You might also take a calculus or statistics class at a local college if you took those courses in undergrad and got a B minus or below. “I like these classes better than finance or econ as they are truly straight quant classes, and A’s in them will most directly address any kind of deficiency,” she adds.
Senior SBC consultant Dione shares another option popular with time-crunched applicants. “For clients who have either been unwilling or not had enough time to take a class, then MBAmath.com is a fast and affordable option to mitigate concerns about quant (but it’s not a cure-all),” she says. “We tailor our recommendations according to the applicant’s transcript, work experience and test scores.”
The Optional Essay
The last thing you want is to leave the AdCom guessing whether you can handle MBA coursework. That’s where making good use of the optional essay comes in to address any weakness in your candidacy directly. First, tell the AdCom that you’re aware that they might be concerned about your low GPA, GMAT, or GRE score. Then let them know you don’t believe those data points accurately reflect your current abilities. Explain that you have worked hard to strengthen your quant profile.
You want to point to evidence where you have succeeded quantitatively. For example, a strong showing in your undergraduate quant classes can counterbalance a low-ish GMAT score. Conversely, a stronger GMAT or GRE performance will offset a low GPA. If both are low, point to the recent class(es) you have taken to prepare for the rigors of their program. Also, emphasize all the highly analytical work or quantitative projects you’ve done in your career thus far.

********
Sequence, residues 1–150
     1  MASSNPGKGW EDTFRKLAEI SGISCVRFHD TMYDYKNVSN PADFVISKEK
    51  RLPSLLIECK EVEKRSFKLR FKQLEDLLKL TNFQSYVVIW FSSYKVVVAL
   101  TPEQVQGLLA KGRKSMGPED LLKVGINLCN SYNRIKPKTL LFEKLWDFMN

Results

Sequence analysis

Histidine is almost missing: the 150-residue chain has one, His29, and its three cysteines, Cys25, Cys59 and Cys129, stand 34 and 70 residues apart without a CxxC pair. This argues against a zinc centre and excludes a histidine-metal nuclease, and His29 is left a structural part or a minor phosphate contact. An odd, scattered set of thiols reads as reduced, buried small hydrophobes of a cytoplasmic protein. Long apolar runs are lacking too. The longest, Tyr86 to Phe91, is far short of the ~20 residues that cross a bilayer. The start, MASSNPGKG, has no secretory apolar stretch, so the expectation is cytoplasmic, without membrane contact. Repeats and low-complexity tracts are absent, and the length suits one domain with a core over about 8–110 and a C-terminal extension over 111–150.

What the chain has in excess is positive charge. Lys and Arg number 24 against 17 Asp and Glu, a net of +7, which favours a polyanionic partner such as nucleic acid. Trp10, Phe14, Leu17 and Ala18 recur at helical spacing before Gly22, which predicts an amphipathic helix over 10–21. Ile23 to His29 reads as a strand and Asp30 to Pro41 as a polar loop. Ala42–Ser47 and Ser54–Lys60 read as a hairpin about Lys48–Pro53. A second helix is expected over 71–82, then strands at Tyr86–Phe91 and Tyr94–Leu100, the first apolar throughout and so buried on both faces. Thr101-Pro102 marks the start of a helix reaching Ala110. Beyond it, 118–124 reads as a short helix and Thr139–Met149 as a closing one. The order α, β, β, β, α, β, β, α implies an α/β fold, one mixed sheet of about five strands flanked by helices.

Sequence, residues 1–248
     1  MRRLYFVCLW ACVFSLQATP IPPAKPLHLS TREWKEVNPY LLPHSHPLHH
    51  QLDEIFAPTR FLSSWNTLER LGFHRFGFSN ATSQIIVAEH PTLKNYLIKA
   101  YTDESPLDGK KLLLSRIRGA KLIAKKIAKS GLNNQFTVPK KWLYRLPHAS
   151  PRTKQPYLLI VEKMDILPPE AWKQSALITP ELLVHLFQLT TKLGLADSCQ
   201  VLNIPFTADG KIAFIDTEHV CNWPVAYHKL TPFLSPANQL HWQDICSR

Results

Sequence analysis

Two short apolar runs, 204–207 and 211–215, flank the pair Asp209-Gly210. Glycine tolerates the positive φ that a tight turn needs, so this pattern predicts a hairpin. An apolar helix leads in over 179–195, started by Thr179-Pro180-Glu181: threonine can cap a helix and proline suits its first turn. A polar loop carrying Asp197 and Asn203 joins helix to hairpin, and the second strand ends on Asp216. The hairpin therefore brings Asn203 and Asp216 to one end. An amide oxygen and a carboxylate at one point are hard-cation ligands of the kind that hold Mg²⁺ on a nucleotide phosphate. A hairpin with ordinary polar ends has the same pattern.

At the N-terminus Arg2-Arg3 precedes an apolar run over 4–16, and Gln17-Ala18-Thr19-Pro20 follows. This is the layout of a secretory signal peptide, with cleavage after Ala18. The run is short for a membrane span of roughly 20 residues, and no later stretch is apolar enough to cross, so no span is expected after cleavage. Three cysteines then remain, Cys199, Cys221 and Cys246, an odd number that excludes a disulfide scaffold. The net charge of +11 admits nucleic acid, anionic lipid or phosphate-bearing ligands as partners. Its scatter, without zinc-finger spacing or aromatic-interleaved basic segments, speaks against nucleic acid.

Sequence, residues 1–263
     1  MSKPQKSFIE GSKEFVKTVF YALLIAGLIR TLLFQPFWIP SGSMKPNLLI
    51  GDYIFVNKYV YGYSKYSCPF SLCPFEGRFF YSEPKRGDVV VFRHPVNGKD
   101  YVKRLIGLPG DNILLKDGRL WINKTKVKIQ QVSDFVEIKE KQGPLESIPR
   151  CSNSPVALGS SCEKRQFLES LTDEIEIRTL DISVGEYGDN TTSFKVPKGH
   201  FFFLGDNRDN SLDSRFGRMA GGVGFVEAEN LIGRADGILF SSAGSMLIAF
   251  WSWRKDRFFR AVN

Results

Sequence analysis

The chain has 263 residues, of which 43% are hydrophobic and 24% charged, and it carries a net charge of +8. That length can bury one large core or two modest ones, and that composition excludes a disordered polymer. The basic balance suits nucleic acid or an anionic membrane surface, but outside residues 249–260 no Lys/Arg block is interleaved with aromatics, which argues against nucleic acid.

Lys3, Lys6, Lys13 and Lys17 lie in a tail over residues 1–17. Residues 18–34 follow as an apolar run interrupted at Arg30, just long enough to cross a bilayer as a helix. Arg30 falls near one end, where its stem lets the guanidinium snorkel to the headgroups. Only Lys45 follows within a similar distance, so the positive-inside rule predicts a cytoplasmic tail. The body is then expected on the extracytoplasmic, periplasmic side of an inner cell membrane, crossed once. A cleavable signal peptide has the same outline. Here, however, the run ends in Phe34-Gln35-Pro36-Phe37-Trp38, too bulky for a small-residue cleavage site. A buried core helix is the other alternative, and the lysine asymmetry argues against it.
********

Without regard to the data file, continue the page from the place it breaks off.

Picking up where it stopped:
Lastly, you should relay that you believe those examples are better indicators of your current abilities and potential. Show you feel confident that you’ll be able to handle X school’s challenging curriculum.
Ultimately, the GMAT or GRE is just one component of the application. In truth, a high score doesn’t guarantee success in business school. MBA hopefuls should do all they can to offset a lackluster quant profile by demonstrating they can handle the work. Make it your mission to wow the admissions panel with your compelling essays and extracurricular and leadership activities.
Convince your target business school why an MBA is the best next step in your career progression, and prove to them that you have what it takes to succeed.
Stacy Blackman Consulting offers multiple services to meet your MBA application needs, from our All-In Partnership to hourly help reviewing your MBA resume. Contact us today for a free 15-minute advising session to talk strategy with a Principal SBC consultant. Meanwhile, here’s a snapshot of the caliber of expertise on our SBC team.